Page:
e5 it would be okay.

2...e6 3.f4 Nc6 4.Nf3

  (3) Nc3 would strengthen his grip on d5 and prevent my next move.

4...d5

 

 

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  (4) Frees Black's game and forces White to move the bishop again.

5.exd5 exd5 6.Bb5 Bd7 7.0-0 Be7 8.Nc3 Nf6 9.d3

  (5) Maybe d4 would be better.

9...0-0 10.Bxc6

  (6) Three moves invested in the bishop and now he has nothing to show for it.

10...Bxc6 11.Ne5 Rc8 12.b3

  (7) In view of a possible d4 this move is a waste of time.

  The bishop should go to d2 not b2.

  The e3 square will become an outpost

  (a la Nimzowitsch) for four pieces! 12...Re8 13.Bb2 d4 14.Nxc6

  (8) Pretty much forced.

  White can't leave the bishop on the open diagonal since he has no way to oppose it.

14...Rxc6

 

 

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  (9) The rook replaces the bishop and can swing to the kingside if necessary.

  What replaced white's knight and bishop? Nothing.

  White has nothing to show for the six moves invested in those pieces.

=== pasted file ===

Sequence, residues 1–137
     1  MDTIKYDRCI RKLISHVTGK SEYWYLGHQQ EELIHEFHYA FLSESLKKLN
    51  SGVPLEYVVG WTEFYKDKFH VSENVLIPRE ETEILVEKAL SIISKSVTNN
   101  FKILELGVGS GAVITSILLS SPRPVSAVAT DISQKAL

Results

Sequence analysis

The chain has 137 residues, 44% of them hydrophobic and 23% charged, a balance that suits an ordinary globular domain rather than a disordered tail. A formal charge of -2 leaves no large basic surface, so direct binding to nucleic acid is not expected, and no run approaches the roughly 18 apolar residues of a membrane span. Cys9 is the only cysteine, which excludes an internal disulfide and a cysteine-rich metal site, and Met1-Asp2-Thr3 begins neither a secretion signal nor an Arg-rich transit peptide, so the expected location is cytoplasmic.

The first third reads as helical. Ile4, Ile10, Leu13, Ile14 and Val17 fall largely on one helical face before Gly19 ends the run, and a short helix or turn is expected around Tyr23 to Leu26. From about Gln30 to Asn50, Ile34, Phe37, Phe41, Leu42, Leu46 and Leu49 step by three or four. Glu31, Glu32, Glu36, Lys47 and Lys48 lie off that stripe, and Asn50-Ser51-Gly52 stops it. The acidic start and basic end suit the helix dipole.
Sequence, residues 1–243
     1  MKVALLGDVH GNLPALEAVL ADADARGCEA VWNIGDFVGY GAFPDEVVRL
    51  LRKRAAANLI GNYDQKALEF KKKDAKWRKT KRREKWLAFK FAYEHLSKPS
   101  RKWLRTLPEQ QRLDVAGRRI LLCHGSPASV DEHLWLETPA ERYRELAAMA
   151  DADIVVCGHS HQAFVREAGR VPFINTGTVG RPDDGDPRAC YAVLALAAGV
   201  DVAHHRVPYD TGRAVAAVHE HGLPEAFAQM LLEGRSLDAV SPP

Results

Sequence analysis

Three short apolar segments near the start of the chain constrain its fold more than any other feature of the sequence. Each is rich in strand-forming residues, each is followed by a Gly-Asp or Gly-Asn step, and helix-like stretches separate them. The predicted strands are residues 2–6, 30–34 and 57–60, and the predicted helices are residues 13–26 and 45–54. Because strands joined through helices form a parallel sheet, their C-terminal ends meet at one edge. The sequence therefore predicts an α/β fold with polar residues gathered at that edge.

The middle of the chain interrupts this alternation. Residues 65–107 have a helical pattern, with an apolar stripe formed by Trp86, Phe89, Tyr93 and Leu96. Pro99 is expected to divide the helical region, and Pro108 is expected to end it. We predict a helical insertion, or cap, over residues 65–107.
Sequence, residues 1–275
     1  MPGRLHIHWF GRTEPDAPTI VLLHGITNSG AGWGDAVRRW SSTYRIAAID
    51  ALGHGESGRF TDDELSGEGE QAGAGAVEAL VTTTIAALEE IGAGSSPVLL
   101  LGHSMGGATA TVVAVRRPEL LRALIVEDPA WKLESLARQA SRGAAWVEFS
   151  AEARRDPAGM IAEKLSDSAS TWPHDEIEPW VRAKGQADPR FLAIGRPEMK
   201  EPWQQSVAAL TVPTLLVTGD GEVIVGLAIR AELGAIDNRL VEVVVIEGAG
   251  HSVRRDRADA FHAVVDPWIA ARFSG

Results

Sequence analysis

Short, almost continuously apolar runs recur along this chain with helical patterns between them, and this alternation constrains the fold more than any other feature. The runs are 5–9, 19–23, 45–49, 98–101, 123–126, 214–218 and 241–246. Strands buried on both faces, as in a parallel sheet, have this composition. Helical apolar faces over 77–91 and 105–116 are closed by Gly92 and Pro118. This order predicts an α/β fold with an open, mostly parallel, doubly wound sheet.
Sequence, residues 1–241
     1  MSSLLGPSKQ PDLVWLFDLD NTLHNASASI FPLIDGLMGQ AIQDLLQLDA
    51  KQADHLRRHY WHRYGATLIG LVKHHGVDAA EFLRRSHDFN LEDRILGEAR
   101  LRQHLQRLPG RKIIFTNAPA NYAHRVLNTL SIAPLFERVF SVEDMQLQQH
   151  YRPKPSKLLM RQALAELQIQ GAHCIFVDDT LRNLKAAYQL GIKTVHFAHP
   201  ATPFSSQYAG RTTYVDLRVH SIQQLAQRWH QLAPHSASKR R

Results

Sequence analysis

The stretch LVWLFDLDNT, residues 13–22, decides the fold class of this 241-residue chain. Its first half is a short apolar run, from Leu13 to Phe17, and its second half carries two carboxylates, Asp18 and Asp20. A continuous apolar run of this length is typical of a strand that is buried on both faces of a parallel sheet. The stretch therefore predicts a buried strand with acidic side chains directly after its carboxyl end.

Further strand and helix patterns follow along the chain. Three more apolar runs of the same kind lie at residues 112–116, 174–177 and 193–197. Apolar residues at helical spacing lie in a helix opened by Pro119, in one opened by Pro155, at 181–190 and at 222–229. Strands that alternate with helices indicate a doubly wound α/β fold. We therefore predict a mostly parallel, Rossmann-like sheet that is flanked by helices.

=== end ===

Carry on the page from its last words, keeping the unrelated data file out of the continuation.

15.Ne2

  (10) If instead Ne4 then Black still plays Nd5.

15...Nd5

  (11) Heading for e3 ever since 13 d4.

16.Bc1

  (12) Somehow White must try to hold e3.

  The early 3.

  f4 looks a bit silly now.

16...Bf6

  (13) To give e3 additional support from the Re8

  (overprotect) and prevent a possible c3 pawn break.

17.g3

  (14) Supports f4 but creates another open diagonal into the king position.

  It's difficult to find good moves for White now.

17...Ne3 18.Bxe3 Rxe3

  (15) Black replaces each piece traded with another.

  White on the other hand develops a piece then trades it off.

19.Rb1

  (16) With the bishop of f6, White is afraid to leave the rook on a1.

  White has no plan, he is simply reacting move by move to Black's threats.